Marketing & Customer Experience Hub

Understanding the Foreign-Local Brand Dynamic in China

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Global marketers can no longer rely on “foreignness” adding premium values. But in some categories, health and safety concerns have seen a comeback in foreign brand relevance.

 It’s important to understand the historical context to understand where we are today with regard to the foreign-local brand dynamic in China.

Flashback more than 20 years ago to when there was a black and white distinction between ‘premium’ foreign and local brands in most categories.

In the 1970s and 80s low quality, local products were the norm and Chinese consumers had to accept that reality, they literally had ‘not much choice’.

As foreign brands – usually everyday FMCG products – entered China in the 1980s they initially had a kind of rarified status, with sexier packaging, exotic names a promise of better quality and of course status. But these brands had a high price-tag to match, becoming aspirational but out of reach.

For example 20 years ago there was high demand for Lux Bar Soap ‘grey’ imports over the locally made version. While there was no real difference in the product, people were willing to pay an imported premium.

Colgate Toothpaste was widely available and had extremely high preference ratings linked to its ‘foreignness’, (it was fully imported) but at 13rmb compared to the local price for toothpaste of around 2rmb few consumers could justify the price gap.

Over the last 2 decades, there have been many changes to this foreign-local dynamic.

International brands have had to make themselves more relevant by making themselves more accessible in pricing and they have invested a lot in making themselves culturally appropriate. They have become ‘more local’.

At the same time, many Chinese brands have got their act together.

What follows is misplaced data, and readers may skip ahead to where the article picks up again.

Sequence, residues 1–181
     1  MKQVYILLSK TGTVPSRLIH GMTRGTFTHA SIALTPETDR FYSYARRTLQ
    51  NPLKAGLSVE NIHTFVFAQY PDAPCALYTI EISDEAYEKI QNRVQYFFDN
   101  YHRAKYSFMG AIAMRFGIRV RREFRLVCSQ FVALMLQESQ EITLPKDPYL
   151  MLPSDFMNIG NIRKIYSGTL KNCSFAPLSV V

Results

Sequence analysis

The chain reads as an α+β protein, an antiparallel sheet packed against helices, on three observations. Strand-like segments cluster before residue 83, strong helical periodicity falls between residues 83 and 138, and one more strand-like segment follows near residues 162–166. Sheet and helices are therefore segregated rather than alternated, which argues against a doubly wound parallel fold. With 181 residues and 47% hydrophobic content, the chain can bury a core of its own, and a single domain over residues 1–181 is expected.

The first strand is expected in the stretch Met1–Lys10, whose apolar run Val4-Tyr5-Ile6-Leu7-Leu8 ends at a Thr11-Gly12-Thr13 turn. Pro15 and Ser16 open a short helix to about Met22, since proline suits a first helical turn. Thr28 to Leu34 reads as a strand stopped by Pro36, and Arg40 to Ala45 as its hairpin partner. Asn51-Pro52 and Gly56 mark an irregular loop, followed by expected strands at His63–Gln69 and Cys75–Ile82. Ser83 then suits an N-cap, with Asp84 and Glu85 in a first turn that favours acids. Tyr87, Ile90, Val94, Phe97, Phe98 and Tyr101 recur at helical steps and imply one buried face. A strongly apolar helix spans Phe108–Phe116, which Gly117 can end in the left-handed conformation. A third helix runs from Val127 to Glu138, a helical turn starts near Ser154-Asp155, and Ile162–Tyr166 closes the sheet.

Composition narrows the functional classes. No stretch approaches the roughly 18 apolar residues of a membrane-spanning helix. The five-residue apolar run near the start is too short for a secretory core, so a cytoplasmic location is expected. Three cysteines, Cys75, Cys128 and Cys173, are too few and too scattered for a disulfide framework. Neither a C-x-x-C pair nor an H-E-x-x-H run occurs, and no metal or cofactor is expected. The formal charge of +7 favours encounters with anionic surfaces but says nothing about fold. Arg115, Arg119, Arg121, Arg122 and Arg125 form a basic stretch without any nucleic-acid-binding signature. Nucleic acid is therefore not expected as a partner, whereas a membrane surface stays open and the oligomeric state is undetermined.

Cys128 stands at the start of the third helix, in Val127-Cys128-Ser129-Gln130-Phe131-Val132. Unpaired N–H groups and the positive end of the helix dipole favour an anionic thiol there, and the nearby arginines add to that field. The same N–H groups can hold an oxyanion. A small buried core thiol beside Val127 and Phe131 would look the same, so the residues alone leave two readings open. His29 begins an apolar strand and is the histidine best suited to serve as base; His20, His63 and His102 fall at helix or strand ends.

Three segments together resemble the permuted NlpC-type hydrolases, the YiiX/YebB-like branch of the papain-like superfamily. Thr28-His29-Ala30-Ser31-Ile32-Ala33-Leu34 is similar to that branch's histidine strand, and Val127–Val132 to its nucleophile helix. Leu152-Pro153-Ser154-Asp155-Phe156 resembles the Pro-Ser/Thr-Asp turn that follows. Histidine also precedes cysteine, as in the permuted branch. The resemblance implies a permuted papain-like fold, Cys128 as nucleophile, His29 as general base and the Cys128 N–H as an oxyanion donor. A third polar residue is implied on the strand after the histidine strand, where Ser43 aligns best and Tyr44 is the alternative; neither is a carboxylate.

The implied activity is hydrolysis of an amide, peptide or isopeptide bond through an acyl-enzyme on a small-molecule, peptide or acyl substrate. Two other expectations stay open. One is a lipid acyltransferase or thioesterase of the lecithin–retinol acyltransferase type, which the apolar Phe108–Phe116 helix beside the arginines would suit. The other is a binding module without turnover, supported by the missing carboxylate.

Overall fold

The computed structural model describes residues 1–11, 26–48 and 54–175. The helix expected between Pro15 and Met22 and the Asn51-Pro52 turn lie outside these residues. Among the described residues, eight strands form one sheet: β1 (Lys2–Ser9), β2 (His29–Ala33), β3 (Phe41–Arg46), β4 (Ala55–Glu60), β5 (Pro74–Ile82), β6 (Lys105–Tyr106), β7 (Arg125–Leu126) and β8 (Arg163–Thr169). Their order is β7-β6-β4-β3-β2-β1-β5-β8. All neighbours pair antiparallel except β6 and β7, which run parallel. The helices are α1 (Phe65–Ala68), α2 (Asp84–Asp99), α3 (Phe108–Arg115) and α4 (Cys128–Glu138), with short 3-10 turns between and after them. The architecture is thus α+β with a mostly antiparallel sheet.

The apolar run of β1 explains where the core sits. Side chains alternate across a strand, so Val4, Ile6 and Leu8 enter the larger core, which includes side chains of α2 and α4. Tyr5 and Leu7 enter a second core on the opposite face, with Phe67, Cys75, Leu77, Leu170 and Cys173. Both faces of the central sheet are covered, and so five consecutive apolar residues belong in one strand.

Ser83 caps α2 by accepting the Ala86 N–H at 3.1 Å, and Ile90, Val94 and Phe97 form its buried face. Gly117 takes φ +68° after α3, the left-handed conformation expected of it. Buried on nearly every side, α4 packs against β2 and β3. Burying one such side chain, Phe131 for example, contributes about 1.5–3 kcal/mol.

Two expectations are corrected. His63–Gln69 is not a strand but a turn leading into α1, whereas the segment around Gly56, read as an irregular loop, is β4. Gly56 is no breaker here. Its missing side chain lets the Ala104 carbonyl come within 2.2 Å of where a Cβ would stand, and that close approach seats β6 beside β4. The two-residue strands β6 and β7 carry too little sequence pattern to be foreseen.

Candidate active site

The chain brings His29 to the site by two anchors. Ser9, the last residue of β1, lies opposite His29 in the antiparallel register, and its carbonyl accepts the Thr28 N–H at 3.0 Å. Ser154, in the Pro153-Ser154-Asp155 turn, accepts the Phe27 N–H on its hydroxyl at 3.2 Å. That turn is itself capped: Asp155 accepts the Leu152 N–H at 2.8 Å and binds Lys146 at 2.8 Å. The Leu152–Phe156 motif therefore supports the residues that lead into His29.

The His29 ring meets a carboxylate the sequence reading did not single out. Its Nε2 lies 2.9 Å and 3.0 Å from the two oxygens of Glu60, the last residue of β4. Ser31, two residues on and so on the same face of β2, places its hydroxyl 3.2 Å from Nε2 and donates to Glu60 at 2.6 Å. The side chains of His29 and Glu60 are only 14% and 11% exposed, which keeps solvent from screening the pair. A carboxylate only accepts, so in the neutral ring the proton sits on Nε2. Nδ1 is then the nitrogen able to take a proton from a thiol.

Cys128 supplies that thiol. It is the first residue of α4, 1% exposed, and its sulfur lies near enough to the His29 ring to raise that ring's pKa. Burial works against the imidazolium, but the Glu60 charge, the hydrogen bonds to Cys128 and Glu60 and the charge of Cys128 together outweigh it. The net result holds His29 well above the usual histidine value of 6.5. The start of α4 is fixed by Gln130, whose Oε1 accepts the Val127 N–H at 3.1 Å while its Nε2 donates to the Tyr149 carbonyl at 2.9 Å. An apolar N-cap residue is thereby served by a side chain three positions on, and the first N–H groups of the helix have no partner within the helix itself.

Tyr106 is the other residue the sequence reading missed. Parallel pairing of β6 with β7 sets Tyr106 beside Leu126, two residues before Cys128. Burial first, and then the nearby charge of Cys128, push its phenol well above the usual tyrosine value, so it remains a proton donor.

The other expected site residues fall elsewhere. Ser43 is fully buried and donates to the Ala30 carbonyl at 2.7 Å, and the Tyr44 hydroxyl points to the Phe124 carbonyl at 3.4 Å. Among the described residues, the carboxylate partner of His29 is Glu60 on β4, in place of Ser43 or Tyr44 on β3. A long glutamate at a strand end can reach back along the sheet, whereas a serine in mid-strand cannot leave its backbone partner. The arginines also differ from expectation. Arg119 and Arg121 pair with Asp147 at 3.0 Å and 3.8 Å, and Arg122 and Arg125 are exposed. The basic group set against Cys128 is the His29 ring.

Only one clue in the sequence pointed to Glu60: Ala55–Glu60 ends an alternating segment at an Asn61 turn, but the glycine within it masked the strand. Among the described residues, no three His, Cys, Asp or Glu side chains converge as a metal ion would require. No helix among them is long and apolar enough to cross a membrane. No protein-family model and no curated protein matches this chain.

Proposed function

What was once a gulf between foreign and local brands has become a grey area in terms of product quality and importantly consumer perception.

In the mid-90s Chinese Department stores were full of bland boxes posing as TV sets or washing machines while the foreign brands positively dazzled next to them in contrast. These days however you’d be hard pressed in a blind brand test of the actual products to tell the difference. The real difference remains in the price tag between a TCL and a Sony and of course the brand’s status, but the pragmatic Chinese consumer has largely woken up to that.EB---728-X-90

 It’s important to note is that every category has its own unique story in the foreign-local dynamic.

Luxury remains almost exclusively the domain of European brands – not unlike the rest of the world.

There are now a dizzying array of configurations which have muddied the whole, once simple divide in the ‘foreign-local’ dynamic.

In many categories Chinese consumers now have these ‘grey area’ choices:

  • Foreign brands – including prestige brands – that are now made locally
  • Most models from the ‘big three’ German luxury brands, Audi, Mercedes and BMW are made in China. Consumers know this but it has not dented the prestige foreign association of the brand.
  • Foreign brands with unique Chinese characteristics         
  • In the race for relevance, many foreign brands have adopted Chinese ingredients. Pantene (and others) with Black Sesame – a traditional Chinese essence believed to make ‘black hair blacker’.
  • Foreign brands launching locally competitive Economy versions
  • Colgate set the pace with the launch of a 3.9 RMB ‘basic’ Anti-Cavity paste in the late 1990s which made them directly competitive with local brands. Since then Nestle has launched a 1RMB ‘wafer’ and P&G’s Tide launching a locally priced ‘White’ version to go head to head with improving local brands like Diao Pai.
  • Foreign Brands that have been bought by Chinese companies